HARRISON, Ark. (AP) — A gift of more than 100 books and other research materials to the Boone County Heritage Museum has expanded the museum's collection on the Mountain Meadows Massacre, in which 120 members of a wagon train from Arkansas were killed in Utah in 1857.
The gift from Scott Fancher and Harley Fancher of the Mountain Meadows Monument Foundation, includes 119 books, 72 maps and photos plus magazine articles and audio and video related to the massacre.
The expedition members, led by Capt. Alexander Fancher and John Baker, were in Mormon territory at a time when church members had been attacked in other states and were preparing for the arrival of federal troops who were dispatched to put down a perceived rebellion.
Arkansas members of the Fancher-Baker wagon train were headed for California when they were attacked during a stop at the meadow. After a weeklong gun battle, the group was tricked into a fake truce by a local church leader and killed by a Mormon militia on Sept. 11, 1857.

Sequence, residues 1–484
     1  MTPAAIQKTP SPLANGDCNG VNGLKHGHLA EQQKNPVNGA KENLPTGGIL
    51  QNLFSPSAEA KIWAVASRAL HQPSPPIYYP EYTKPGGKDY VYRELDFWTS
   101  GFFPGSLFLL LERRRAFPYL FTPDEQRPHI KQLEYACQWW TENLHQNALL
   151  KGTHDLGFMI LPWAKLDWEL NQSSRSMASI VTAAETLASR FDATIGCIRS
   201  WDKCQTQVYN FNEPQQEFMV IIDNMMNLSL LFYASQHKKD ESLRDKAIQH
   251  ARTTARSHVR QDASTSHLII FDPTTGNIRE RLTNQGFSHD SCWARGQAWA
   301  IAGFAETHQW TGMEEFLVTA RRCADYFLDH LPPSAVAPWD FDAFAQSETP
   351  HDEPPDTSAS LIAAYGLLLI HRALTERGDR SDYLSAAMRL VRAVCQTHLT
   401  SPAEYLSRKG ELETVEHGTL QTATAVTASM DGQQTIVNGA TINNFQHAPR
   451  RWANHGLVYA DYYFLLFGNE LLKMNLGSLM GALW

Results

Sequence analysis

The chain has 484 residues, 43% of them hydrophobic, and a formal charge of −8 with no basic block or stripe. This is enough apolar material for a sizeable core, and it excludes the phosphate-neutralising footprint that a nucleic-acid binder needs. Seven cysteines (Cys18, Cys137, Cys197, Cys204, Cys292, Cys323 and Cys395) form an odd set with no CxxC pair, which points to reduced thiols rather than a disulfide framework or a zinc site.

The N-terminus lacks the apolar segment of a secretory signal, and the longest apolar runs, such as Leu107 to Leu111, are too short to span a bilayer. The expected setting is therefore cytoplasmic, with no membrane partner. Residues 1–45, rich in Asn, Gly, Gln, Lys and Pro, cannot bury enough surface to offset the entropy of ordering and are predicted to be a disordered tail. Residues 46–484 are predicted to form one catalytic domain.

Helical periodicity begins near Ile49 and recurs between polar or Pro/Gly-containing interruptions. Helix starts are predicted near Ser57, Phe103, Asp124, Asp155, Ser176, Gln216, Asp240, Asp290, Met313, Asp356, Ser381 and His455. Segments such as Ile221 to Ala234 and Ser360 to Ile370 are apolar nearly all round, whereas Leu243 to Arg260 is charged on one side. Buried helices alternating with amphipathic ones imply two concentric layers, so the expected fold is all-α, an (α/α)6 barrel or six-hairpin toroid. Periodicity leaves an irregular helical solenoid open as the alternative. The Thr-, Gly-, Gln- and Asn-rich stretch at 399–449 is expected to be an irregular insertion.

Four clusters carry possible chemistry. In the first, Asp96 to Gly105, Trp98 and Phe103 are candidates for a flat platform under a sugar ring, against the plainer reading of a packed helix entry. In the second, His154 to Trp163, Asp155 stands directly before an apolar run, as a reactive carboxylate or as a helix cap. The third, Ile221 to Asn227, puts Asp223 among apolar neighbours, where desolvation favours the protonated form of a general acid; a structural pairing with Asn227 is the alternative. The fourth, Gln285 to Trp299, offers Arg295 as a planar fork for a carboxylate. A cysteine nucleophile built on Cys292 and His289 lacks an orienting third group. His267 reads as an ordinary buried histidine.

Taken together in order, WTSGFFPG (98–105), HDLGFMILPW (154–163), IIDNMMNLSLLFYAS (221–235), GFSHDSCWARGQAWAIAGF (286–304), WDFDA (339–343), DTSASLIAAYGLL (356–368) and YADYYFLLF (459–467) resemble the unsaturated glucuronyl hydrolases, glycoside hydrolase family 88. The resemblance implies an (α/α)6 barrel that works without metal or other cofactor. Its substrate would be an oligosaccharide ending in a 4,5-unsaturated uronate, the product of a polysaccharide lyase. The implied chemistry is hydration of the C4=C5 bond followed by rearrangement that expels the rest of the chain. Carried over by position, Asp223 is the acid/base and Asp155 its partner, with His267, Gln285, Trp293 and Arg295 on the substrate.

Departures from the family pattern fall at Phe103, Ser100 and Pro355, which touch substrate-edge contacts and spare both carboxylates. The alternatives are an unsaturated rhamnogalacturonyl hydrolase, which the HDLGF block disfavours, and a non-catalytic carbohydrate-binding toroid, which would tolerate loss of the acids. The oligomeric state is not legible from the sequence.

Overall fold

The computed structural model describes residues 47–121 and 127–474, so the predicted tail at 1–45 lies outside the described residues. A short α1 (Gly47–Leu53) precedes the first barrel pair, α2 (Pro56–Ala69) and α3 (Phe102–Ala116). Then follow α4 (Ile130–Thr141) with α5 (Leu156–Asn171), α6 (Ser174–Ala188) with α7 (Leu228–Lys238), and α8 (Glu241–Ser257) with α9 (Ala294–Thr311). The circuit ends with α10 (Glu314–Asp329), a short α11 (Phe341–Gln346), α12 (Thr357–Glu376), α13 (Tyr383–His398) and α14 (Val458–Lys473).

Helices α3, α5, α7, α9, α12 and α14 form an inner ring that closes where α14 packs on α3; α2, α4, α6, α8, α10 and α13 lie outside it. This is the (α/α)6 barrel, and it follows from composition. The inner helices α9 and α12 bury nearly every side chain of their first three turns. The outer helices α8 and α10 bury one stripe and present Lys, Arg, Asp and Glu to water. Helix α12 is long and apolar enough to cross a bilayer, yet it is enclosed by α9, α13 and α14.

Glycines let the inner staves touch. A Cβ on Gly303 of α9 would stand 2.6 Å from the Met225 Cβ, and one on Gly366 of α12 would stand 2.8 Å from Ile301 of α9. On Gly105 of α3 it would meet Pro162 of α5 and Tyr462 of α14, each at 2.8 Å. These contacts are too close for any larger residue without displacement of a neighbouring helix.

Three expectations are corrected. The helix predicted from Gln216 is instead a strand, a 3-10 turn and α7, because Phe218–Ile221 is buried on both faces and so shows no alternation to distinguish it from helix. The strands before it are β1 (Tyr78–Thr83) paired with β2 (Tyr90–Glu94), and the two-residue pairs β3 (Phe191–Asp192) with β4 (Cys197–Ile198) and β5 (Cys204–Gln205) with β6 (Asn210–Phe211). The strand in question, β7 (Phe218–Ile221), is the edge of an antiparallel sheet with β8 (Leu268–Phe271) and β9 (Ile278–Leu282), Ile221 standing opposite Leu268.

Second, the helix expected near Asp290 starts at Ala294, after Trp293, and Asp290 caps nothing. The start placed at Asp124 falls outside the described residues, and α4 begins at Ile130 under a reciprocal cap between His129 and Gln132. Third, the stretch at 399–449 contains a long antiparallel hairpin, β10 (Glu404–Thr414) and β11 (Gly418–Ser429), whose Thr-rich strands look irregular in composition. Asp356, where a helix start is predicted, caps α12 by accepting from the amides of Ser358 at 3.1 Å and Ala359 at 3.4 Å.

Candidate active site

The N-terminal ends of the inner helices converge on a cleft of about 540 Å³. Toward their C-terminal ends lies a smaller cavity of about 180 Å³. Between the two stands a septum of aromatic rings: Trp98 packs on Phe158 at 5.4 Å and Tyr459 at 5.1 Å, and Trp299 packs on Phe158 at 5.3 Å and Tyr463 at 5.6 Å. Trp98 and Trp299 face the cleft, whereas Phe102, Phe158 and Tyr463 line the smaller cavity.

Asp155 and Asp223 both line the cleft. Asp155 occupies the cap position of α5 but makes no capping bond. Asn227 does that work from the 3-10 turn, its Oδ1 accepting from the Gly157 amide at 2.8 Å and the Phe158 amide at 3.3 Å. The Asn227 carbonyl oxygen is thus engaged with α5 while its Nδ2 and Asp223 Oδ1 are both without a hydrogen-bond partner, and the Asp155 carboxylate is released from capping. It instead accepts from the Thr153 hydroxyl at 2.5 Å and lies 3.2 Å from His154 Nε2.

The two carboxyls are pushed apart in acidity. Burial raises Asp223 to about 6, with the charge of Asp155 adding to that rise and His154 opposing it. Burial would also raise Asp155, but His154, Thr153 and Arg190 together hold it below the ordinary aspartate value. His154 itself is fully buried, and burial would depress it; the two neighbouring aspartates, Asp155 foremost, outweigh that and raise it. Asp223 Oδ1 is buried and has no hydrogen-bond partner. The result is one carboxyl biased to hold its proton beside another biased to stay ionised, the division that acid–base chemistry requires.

The collection donated to the Boone County museum was assembled by Burr Fancher, Scott Fancher's father and an authority on the event.
The Mountain Meadows Monument Foundation has worked to put reference material about the massacre into a number of locations, including the Paiute Cultural Center in Cedar City, Utah. According to a recent historical account, Mormon militia enlisted members of the tribe in the final attack on the group, which occurred after they were led from their encampment in a supposed truce.
The only survivors were 17 young children, who were thought to be too young to describe what happened. Two years later, the children were taken by the federal government and reunited with members of their extended families in Arkansas.
Among the books given to the museum is the new Arkansas history textbook that's being used in the state's public schools. Harley Fancher's wife, Diann, was instrumental in getting the account of the massacre, long forgotten in the state, back into the textbooks.
Scott Fancher, like Harley Fancher a descendant of the expedition's leader, said the Mountain Meadows Monument Foundation has marked the graves of the 17 young survivors of the massacre.
Harley Fancher said the donation to the museum was a priority for the group.
"Boone County is very special to us," he said at a Nov. 21 ceremony. "This is where we started."
The Fanchers also presented a plaque of appreciation to Marilyn Breece of the Boone County Heritage Museum. Her support and assistance in getting out the information about the massacre had been invaluable, they said.